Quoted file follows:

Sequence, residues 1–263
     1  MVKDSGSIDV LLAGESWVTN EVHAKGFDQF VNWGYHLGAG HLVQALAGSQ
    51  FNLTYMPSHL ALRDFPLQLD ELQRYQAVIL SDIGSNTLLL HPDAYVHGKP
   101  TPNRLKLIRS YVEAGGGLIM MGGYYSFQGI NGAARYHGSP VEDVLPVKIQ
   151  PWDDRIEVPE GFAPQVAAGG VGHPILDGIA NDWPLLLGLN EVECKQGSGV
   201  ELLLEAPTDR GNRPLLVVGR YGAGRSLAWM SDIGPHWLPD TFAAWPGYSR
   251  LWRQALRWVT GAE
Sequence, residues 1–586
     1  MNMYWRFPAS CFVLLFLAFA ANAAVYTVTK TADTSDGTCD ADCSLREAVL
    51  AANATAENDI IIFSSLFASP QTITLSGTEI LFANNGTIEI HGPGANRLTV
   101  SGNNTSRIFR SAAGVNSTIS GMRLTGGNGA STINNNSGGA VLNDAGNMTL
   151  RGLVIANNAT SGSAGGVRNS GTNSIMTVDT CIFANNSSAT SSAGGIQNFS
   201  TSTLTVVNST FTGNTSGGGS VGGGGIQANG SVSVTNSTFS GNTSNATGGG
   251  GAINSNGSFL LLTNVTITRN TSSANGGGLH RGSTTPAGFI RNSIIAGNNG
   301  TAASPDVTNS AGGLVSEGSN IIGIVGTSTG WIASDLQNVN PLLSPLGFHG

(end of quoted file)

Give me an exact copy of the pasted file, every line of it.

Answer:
Sequence, residues 1–263
     1  MVKDSGSIDV LLAGESWVTN EVHAKGFDQF VNWGYHLGAG HLVQALAGSQ
    51  FNLTYMPSHL ALRDFPLQLD ELQRYQAVIL SDIGSNTLLL HPDAYVHGKP
   101  TPNRLKLIRS YVEAGGGLIM MGGYYSFQGI NGAARYHGSP VEDVLPVKIQ
   151  PWDDRIEVPE GFAPQVAAGG VGHPILDGIA NDWPLLLGLN EVECKQGSGV
   201  ELLLEAPTDR GNRPLLVVGR YGAGRSLAWM SDIGPHWLPD TFAAWPGYSR
   251  LWRQALRWVT GAE
Sequence, residues 1–586
     1  MNMYWRFPAS CFVLLFLAFA ANAAVYTVTK TADTSDGTCD ADCSLREAVL
    51  AANATAENDI IIFSSLFASP QTITLSGTEI LFANNGTIEI HGPGANRLTV
   101  SGNNTSRIFR SAAGVNSTIS GMRLTGGNGA STINNNSGGA VLNDAGNMTL
   151  RGLVIANNAT SGSAGGVRNS GTNSIMTVDT CIFANNSSAT SSAGGIQNFS
   201  TSTLTVVNST FTGNTSGGGS VGGGGIQANG SVSVTNSTFS GNTSNATGGG
   251  GAINSNGSFL LLTNVTITRN TSSANGGGLH RGSTTPAGFI RNSIIAGNNG
   301  TAASPDVTNS AGGLVSEGSN IIGIVGTSTG WIASDLQNVN PLLSPLGFHG